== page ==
Loan Calculator

General Loan Calculator

Loan Amount ($):
Loan term (months):
Interest Rate (%):

How to Calculate Your Monthly Loan Payment

By: Gerri Detweiler

There are lots of reasons why you might want a personal loan. Perhaps it's to consolidate some credit card debt, or for a home repair project, or maybe you'd like to invest in a small business. Whatever the reason, it's important to know just how much that loan is going to cost you in the long run. That's where a loan calculator comes in.

A loan calculator is a simple tool that will allow you to predict how much a personal loan will cost you as you pay it back every month. It's quite simple: You provide the calculator with some basic information about the loan, and it does the math and spits out your monthly payment.

A loan payment calculator can typically be used for mortgage or auto loans or another type of fixed loan.

You need to be prepared to provide the following:

1. The amount of the loan along with any up front fees.
2. The term or length of the loan (meaning how long you have to pay it back)
3. The interest rate of the loan.

The interest you pay for your personal loan will depend on your credit score and the information in your credit report. The higher your credit score, the lower your interest rate will be, and the less you'll pay for your loan in the end.

If you're not sure whether you have good credit you can use's free Credit Report Card for an easy to understand overview of your credit report along with your credit scores.

Calculating Loan Payments and Costs

Anytime you borrow money; you will find that the loan repayment terms are of the utmost importance and you want to ensure that the terms and the payment amount are affordable and fall within your budget. A loan payment calculator is an easy tool to use to help find these magic numbers, so you are better informed moving forward.

A loan calculator makes it easy to play around with the numbers and allows you to see what would happen if you were to borrow a bit more or even a bit less from the lender. You can also see what could happen with a lower interest rate.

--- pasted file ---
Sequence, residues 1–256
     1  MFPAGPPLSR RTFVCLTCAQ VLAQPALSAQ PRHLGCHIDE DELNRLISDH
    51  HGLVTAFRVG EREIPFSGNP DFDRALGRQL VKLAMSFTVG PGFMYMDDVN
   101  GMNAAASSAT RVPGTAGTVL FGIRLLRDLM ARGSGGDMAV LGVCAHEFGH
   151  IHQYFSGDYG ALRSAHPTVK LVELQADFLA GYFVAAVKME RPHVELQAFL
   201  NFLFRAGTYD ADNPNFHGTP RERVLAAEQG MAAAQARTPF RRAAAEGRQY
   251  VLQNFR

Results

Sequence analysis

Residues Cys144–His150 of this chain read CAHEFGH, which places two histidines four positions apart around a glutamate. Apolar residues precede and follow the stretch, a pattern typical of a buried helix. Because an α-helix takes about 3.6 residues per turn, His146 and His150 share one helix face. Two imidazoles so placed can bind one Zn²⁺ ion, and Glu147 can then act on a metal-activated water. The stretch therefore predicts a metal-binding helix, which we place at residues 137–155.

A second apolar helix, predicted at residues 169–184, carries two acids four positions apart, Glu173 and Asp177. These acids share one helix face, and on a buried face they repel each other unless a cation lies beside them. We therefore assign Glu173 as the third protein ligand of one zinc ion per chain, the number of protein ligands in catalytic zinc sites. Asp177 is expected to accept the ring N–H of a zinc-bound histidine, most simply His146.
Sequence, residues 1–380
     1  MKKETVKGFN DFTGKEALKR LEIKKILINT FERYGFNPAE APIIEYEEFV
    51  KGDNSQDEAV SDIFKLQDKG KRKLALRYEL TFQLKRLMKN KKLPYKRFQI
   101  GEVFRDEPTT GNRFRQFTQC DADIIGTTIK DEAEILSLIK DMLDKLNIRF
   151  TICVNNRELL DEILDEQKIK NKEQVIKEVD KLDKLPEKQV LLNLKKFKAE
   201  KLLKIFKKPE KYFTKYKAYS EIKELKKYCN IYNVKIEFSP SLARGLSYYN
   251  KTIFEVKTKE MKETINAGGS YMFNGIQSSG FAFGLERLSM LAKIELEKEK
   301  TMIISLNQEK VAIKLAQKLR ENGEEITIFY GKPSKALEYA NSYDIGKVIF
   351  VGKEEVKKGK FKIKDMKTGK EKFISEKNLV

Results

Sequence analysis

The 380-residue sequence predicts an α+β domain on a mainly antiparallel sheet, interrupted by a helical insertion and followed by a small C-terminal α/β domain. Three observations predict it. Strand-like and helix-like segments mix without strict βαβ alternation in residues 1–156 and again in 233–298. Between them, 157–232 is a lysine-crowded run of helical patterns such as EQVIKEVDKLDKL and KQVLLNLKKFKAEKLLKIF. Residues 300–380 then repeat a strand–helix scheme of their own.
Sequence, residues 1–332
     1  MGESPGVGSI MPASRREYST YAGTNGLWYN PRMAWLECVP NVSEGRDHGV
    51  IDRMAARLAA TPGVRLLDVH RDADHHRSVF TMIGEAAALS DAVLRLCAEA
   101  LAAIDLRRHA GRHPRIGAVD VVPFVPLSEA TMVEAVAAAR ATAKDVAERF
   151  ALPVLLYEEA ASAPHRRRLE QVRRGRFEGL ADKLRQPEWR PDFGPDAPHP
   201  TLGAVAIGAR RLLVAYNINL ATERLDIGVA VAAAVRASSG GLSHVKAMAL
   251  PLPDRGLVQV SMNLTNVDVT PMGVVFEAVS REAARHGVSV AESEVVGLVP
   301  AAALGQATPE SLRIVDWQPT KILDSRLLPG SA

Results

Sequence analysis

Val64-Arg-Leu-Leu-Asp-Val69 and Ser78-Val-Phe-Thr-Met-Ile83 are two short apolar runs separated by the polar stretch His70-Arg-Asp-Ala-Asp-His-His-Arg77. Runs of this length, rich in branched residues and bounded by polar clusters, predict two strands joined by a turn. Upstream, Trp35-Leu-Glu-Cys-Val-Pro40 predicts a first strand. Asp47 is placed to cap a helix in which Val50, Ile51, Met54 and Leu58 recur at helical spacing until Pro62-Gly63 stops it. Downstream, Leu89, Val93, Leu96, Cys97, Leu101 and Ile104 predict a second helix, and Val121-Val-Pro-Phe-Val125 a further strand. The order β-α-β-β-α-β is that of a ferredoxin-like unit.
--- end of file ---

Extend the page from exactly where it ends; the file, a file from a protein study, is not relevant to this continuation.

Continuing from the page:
Interest Only Loan Payment Calculations

When you are trying to determine the amount of interest you will be paying on a loan, take the amount of money you will be borrowing and multiply it by the annual interest rate. You can then divide this number by the amount of payments you expect to make per year.

The payment will remain the same per month unless you make additional payments to lower the principal balance on your account.

Credit Card Payment Calculations

Credit card payment calculations are also easy to find out because the lender will usually use a formula when they are determining what you minimum monthly payment will be on the credit card.

Some credit card issuers may require that you pay a certain percentage of the overall balance each month. Most will require at least a 3% payment of the total balance each month. However, paying more than your minimum is always recommended. You should also remember that you will be charged interest on the balance each month as well.

Interest and Costs

If you don’t think that you can cover the monthly payments you have to make, then it is a good idea not to make big purchases you know you cannot afford. While the monthly payment is important, you should also consider the price of the purchase you want to make, the amount of interest you will have to pay for the duration of the loan, and what are the fees involved with borrowing the money in the first place?

These three things are big considerations to make when applying for a loan and calculating your monthly payments.

Loan Calculator Estimates

When using a calculator to determine monthly payments for any type of loan including a mortgage or auto loan, you should always remember that they are only supplying you with rough estimates of what these payments may look like. There may be other factors in play on the side of the lender that could cause a slight change in these numbers.

However, a rough estimate is definitely better than no estimate at all!